7. Connect on a Personal Level. You never know how many interviews a company may conduct for a position. You may be at a long list of people that the hiring manager or recruiter spoke to that day. That’s why it is important to make that small connection. So don’t be afraid to have a short aside about a common interest when you’re in an interview. The recruiter or hiring manager might enjoy the break from the routine questions that they have gone through that day.

You and I know that it is not easy to connect with everyone, but it is a crucial part of the interview. Don’t be afraid to share about yourself or connect about that one thing you discovered that you both like. Take a moment and touch on it, because you want the interviewer to be able to remember a story you told or a common interest that you both share. That is one of the best ways to prevent you from simply blending in with everyone else who came in and interviewed for the same spot.

Trust me, these little tips are what we as recruiters go through each and everyday. We trust that that investment in your time and you will be able to remember these. Use them on yourself and you will see the difference in your own interviewer.

Now, making that connection will really come from a predetermined mindset to employ this next to last tip.


8. Be Yourself. The hiring team is essentially looking for the interviewee to answer 2 major questions. The whole point of the interview: 1) Can you do the work that they need? But guess what, there’s another side. 2) Will you be able to fit into the company culture and department that the hiring manager has as well?

A key task for the recruiting and hiring team is in determining whether in fact, yes – you can do the work, but how will you fit in the team/company’s culture? This can be challenging during your virtual interview because there’s this physical disconnect. We don’t get to see your whole body and we don’t see how you reply to every question, or are your feet moving around a lot, or are you twirling your fingers. We don’t get to see a lot of those verbal or visual cues that helps to go along with your comfort level. So it’s more difficult for your interviewer to understand your enthusiasm or screen them, so make sure that you are more expressive when you are answering the questions.

If you want to use your hands, you may want to do that freely. Let your expressions be bold. If you are a more of a straightforward kind of person, be sure that you’re using those active listing techniques so that your dialogue is free and flowing between you and the interviewer.

Some people are great interviewers. They’re going to be able to tell your vibe. They’re going to be able to tell if you’re going to fit the company culture right off the bat. With that being said, you want to be able to walk away and give your interviewer a reason to push you to the second round of the interview, by shining a light on how you can help the organization grow.

This begins with not just with can you just do the work, but can you fit into the company culture. They are not looking for a robot. They are looking for you. So be sure that you are being yourself on these interviews.

This is going to lead us to our last point.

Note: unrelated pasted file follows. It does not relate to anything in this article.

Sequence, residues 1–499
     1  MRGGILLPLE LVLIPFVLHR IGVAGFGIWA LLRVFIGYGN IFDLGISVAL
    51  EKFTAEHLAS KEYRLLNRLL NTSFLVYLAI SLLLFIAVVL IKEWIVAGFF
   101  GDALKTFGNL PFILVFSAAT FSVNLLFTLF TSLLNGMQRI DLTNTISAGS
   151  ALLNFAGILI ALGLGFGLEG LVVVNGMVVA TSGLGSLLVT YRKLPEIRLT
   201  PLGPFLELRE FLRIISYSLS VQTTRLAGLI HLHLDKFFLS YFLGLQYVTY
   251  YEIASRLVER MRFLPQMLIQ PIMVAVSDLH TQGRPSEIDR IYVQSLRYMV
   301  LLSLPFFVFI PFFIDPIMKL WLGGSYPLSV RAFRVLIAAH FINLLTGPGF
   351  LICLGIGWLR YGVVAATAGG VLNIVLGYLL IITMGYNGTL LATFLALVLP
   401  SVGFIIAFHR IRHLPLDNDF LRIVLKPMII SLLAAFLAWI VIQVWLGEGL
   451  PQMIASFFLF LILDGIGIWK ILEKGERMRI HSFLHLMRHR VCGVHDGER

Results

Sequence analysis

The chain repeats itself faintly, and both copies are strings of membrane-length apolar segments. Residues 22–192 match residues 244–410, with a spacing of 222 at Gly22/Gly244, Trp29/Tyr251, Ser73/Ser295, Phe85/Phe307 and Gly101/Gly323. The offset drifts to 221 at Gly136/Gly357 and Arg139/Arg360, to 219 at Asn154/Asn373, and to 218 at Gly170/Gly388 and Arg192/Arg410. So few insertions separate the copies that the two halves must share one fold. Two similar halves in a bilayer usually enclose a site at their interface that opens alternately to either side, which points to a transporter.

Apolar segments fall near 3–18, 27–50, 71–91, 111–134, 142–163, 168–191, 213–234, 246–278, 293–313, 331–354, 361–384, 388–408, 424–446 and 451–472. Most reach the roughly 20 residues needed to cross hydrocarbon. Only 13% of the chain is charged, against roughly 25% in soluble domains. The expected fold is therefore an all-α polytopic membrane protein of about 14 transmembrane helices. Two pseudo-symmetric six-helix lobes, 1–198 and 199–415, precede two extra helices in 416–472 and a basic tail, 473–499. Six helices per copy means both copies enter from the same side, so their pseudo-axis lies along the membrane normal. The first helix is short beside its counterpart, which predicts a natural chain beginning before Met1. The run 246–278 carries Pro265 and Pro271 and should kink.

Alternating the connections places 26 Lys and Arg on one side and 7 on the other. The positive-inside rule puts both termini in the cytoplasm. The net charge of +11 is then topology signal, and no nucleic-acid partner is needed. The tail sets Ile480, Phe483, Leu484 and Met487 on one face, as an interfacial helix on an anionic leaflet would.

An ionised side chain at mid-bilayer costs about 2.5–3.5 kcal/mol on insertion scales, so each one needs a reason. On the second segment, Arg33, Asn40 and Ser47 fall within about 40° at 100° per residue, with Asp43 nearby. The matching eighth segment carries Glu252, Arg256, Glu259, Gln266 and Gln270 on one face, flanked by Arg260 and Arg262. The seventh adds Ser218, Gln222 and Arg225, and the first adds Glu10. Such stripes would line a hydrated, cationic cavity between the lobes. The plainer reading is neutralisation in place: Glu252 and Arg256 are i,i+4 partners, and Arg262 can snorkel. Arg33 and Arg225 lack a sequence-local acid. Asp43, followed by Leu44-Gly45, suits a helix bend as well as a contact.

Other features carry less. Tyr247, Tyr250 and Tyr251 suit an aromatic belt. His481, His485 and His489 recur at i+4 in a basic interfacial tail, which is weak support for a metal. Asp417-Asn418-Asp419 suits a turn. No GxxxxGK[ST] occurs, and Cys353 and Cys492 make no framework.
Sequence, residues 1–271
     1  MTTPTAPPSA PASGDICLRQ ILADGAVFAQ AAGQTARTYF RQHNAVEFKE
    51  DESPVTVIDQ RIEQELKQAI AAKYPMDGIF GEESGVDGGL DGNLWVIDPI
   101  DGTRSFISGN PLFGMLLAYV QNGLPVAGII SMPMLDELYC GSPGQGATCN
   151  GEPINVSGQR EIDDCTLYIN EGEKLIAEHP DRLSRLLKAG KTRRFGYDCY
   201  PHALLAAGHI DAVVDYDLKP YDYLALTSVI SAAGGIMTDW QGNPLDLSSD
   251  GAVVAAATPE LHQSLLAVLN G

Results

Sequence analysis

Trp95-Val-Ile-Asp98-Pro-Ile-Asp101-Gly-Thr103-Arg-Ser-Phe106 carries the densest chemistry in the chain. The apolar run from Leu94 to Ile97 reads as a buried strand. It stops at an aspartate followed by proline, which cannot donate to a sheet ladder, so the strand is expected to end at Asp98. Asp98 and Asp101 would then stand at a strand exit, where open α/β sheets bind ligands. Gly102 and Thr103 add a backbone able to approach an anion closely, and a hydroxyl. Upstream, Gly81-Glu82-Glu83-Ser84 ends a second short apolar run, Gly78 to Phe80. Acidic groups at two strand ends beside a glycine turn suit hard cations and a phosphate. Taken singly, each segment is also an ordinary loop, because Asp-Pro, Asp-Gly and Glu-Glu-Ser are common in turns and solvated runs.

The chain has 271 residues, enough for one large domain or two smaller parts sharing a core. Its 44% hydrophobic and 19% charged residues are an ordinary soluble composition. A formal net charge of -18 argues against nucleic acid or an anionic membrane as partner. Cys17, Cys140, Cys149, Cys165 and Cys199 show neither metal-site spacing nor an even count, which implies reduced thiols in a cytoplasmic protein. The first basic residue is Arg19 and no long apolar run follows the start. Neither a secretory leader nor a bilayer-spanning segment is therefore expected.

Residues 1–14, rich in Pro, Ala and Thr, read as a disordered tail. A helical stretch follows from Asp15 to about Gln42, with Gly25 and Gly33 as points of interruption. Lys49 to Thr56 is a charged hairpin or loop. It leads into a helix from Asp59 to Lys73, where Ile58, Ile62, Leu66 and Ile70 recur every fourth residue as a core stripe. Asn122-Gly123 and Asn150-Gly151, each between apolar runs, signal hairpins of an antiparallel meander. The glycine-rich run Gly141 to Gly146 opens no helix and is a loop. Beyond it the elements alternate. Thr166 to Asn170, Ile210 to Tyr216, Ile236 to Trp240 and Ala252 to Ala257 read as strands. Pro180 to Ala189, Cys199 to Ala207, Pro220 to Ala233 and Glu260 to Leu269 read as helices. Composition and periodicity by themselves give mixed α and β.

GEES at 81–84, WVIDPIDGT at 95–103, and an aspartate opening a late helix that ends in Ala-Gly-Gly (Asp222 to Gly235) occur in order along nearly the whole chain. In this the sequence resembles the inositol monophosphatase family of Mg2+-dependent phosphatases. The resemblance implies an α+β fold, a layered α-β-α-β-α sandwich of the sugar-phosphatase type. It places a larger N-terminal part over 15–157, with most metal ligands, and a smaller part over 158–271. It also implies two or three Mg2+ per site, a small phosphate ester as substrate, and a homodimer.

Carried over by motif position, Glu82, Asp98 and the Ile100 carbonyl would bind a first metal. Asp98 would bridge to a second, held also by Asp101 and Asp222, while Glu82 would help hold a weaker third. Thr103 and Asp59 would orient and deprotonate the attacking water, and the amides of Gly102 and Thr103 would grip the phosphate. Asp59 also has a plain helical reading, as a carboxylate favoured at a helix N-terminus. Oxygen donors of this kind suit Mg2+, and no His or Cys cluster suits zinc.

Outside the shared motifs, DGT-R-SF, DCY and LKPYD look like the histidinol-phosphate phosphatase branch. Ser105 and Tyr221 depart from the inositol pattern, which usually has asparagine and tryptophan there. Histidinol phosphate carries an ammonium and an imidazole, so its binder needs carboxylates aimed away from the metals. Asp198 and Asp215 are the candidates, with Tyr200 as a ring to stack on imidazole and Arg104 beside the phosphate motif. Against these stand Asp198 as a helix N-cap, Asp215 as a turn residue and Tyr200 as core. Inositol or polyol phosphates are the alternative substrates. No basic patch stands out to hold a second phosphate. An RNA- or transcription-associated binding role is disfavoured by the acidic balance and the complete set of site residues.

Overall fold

9. Don’t forget the Professional Graces. As soon as that interview is done, you’re going to do some immediate follow up within at least 24 hours of the interview. You’re going to send an individual Thank You Email to everyone you met. Sometimes they don’t provide you with that information so you should send that Thank You Note to your recruiter and they will forward it to the leadership team. But, make sure you’re taking that extra step.

Put it in a Word Document so you can upload it to your profile so the next recruiter can see that you’re communicative and that you possess those professional graces. It’s not only going to show that you valued your interviewer’s time, but it’s going to give you the opportunity to resell yourself and express your unique traits that you can bring to the role, or share any talking points that you forgot to address.

If there was something specific that you have bonded over during the interview, you want to mention it briefly and follow up in the Thank You Email so you can keep it on the top of your mind.

Or, if the interviewer brought up a particular business challenge, you’re going to use that to follow up; as a way to propose that potential solution – saying something to the affect of: “It was fantastic to have met you today and I remembered one of the challenges that the business had was ITEM A and here’s what I have done in the past that I can do to help.”

You want to keep the email concise of course. It is not a paragraph. You want to just leave a short note and leave a lasting impression, not one that will immediately end up in the circular file because it was too large or too long.


These are the key tips that we as recruiters have seen either in people that are not employed OR employed effectively. It helps them stand out and be remembered. They bring the right successful profile, but if they’re not able to get the hiring manager to remember it, then that becomes a challenge.

New Year’s Resolution for Job Seekers

Image via Ashley Brooke Photography

Job searching in the middle of a pandemic has been the most challenging for job seekers. Job seekers have been blindly applying for 10 months or more and building their network. Some have been plugging away and applying to jobs since March and have had little success with interviews and no offers with no feedback. And some have been forced (by the pandemic) into starting their own businesses/side hustles to pay off student loans, rent, debt, etc.